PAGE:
Sunday, January 8, 2012

I am Woman- HEAR ME!

No matter where you look, what you read, and or what website you happen upon, Beit Shemesh is just everywhere!  I really like this town, but I'm reasonably sure I never read about Chicago or NYC as much as I read about this place!  Honestly, the reports are starting to meld in my brain and it amazes me how self-righteous indignation can twist and turn the same narrative.  Such an "easy" fix, y'know- you respect me, I'll respect you, you don't shove your version of Judaism down my throat, and I won't shove my version down yours.  See?  Simple!  Its a good thing the Brooklyn Bridge is for sale because it looks like I'm gonna finally get to cash in...

The issues surrounding Orot
 Banot and bus service have received a lot of very well deserved, MUCH needed air time.  I could talk about those issues here, but it's not like you don't know where I firmly stand in regards to both.  I participated in the Beit Shemesh flash mob a few days ago, which was an act both of protestation and solidarity.  It hit me, as I watched the amazing variety of women gathered for dance practice, that the "we" that's been spoken about for months and months is so much larger than I properly tended to.  All these "women's issues" are not about secular or religious women- they're about WOMEN.  GIRLS.  FEMALES.  Those carrying a double X chromosome.  I fancy myself a relatively enlightened gal, but I must admit I felt naive when I realized that I was not enlightened enough.  One of the coolest, nicest things about being part of the mob (I will NEVER be able to say THAT again) was that women from every walk of Jewish religiosity (yes, I just made that up) were there. There were heads covered, heads not covered, heads relatively covered, pants, skirts, gauchos, jeans, sleeveless tops, turtlenecks, and so many other flavors of what make up our dress code diversity.  Participation wasn't just about Beit Shemesh or our collective desire not to be bullied.  We stood, and danced, together as proud Jewish women.  And it ROCKED!

I've overheard, read, and been part of conversations where folks have debated and discussed with whom we, as the Dati Leumi community, are closest to- the Chareidim or the Chilonim.  Frankly, I am not a fan of the question.  My husband and I discussed the issue this past Shabbat and we agreed that we don't want to be a part of any group who professes disgust of another- and yes, it really is that simple.  See, I was once part of a different "we" and spent the first 15 or so years of my life as "them."  No, I was not born an alien, but I was born into a non-religious family.  I was the chick in the pants and sleeveless shirt.  I was the "chiloni" who was looked at sometimes disparagingly because I looked "other."  I joined the wild and wacky ranks of the religious world only after meeting people who were more interested in speaking with me about Judaism versus all the ways I was messing mine up.  When I was truly accepted for the questioning, persistent bugger of a teen that I was, I was able to say, "OK- I'll hear what you have to say."  One husband, four babies, several snoods, multiple treifed up pieces of cutlery, and an Aliyah later, I credit that turning point in my life to folks who gave a dang and really meant it- folks who saw me as Jewish and not less-than because of how I dressed, what I ate, or the music I liked.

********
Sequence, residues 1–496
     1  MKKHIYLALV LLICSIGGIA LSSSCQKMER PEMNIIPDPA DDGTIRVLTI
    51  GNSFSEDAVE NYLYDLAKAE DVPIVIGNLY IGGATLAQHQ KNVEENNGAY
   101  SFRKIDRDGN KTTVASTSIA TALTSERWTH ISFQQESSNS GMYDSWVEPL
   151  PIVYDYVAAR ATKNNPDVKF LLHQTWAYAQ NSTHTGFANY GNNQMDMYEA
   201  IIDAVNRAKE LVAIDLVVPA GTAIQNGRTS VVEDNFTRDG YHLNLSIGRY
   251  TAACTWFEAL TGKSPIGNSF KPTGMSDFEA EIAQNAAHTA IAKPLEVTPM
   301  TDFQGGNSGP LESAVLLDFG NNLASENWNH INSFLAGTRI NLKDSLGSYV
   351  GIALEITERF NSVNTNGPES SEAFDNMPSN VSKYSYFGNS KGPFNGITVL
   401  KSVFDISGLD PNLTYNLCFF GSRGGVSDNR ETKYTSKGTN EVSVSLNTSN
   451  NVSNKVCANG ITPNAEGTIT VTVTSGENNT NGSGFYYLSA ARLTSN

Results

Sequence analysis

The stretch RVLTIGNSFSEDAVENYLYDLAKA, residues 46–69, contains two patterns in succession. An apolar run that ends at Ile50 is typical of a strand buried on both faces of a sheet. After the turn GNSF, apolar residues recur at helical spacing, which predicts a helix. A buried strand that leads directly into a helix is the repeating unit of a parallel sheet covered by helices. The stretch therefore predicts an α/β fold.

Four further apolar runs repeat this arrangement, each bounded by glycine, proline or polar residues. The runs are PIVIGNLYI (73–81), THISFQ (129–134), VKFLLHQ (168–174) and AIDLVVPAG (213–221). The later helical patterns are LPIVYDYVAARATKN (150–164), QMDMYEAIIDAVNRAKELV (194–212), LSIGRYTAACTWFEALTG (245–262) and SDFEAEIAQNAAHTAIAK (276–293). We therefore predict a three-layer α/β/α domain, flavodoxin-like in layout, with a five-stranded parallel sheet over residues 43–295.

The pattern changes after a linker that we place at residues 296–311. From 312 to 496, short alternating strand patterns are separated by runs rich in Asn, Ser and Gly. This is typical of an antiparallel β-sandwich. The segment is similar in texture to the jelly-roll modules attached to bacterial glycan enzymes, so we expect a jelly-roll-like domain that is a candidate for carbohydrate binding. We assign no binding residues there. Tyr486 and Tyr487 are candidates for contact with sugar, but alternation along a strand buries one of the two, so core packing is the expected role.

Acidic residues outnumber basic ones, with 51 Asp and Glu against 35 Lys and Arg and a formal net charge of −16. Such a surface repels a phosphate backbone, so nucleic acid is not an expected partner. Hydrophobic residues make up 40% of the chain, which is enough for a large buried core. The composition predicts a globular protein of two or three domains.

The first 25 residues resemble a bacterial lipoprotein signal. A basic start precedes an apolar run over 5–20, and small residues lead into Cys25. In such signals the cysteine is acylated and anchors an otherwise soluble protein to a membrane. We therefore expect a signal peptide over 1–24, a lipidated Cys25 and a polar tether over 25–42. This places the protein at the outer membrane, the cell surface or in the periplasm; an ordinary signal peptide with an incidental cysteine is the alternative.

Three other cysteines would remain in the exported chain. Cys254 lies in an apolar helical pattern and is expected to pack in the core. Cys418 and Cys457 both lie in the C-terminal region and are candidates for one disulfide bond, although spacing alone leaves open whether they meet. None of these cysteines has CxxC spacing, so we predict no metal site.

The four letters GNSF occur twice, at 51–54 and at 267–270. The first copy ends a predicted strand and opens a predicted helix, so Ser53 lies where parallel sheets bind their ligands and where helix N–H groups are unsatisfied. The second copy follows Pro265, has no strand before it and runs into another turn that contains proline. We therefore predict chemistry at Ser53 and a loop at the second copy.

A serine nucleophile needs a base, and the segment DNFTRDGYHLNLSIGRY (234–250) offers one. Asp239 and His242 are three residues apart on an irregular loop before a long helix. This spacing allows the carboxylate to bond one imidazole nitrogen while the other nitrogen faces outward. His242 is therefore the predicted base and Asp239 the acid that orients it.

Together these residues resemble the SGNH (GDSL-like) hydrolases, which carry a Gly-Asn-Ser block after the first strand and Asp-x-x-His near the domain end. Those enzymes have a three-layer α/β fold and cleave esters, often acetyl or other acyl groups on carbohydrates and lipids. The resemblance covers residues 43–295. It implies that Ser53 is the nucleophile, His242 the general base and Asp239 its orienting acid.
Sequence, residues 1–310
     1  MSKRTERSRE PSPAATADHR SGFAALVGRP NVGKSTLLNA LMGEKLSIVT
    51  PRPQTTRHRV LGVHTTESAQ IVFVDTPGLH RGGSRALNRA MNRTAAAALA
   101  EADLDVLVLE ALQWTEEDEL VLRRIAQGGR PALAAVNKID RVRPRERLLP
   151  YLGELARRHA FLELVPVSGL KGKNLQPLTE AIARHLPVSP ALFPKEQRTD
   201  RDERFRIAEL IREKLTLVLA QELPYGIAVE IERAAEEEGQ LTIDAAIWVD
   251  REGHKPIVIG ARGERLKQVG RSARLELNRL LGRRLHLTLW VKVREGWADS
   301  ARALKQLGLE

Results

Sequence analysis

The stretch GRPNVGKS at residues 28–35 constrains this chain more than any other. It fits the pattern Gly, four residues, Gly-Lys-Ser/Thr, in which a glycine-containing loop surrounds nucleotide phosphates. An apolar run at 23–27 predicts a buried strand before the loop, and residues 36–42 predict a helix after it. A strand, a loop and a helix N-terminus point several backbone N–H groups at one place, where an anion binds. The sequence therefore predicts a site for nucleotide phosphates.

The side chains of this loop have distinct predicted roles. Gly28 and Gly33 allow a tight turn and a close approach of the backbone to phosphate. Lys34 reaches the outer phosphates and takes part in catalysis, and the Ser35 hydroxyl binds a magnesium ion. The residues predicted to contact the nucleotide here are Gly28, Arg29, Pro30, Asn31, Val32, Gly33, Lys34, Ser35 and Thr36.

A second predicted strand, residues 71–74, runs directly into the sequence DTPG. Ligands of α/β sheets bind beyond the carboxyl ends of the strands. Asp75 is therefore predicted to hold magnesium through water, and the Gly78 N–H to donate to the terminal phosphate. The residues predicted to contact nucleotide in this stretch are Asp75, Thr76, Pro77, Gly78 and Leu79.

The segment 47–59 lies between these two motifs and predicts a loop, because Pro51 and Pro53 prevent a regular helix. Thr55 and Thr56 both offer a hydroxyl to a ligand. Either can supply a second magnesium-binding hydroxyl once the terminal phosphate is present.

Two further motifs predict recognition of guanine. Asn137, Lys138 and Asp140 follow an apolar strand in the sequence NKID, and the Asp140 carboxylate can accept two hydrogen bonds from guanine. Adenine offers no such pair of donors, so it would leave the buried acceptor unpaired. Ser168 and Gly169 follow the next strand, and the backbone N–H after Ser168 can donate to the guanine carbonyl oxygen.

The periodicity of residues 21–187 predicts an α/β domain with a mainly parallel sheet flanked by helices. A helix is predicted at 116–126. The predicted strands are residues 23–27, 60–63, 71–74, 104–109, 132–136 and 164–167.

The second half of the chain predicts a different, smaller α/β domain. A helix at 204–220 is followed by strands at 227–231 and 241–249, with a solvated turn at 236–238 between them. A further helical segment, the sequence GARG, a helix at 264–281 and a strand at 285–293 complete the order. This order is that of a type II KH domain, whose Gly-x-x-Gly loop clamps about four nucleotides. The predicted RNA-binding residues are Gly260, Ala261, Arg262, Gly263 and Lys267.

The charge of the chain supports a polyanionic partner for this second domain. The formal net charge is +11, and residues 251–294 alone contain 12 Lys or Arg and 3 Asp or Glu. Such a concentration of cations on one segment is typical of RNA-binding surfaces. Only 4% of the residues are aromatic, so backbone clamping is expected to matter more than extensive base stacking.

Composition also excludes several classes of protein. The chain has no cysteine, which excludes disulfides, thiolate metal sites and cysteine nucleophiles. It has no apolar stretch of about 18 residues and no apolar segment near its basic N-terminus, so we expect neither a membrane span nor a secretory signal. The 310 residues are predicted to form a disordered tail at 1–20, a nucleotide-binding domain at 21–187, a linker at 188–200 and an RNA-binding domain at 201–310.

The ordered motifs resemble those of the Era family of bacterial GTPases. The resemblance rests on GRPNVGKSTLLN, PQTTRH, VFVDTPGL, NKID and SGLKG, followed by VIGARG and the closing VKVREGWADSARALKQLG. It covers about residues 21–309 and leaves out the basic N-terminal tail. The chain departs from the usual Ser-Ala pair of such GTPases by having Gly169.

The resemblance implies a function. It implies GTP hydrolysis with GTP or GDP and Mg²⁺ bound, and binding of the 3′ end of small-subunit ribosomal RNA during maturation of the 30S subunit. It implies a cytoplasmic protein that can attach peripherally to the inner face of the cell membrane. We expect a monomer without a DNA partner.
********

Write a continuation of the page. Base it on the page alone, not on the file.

I know first hand that being looked at as an 'other' hurts in a visceral way.  I also know that being accepted into the fold feels right.  I know that dancing with women who shared a common purpose felt right because none of us was 'other' though an entire group of misguided individuals sees us collectively as such.  There was something amazingly girl power-y about dancing in a public square.  And I will admit that I was concerned about that public-ness but ultimately determined it was OK to be a part of.  See, there is a lot, and I mean A LOT, of awesomeness that goes into being a religious Jewish woman.  I love lighting Shabbat candles.  I enjoy covering my hair on most days (though good hair days are just a nasty, nasty tease). I relish being a Jewish mommy, with all the Yiddishisms, Shabbos soup, and deliciousness that it comes with.  And I bet that every single woman at that dance has perhaps the same, or different, things she loves as much.  Being part of something that vital, that empowering, and that example- setting, resonated deeply.  And apart of my love of dance and self-expression, I was profoundly struck, in that 'I could've had a V-8' kinda' way, by this: if I don't stand up for my rights as a Jewish woman, then my daughter and daughters-in-law will have to fight the same, ugly battle.  Why *not* stand up for my rights as a Jewish woman, in my homeland no less, only to leave the dirty work for the next generation? 

I participated in the flash mob for me and for the women who've been made to feel less-than because they are women.  If I'm not for myself -and my progeny- then who will be?  And if I can't show solidarity with all types of women seeking nothing more than the respect the Torah Itself affords us, then I can be sure that this battle will linger well into my children's and their children's lives.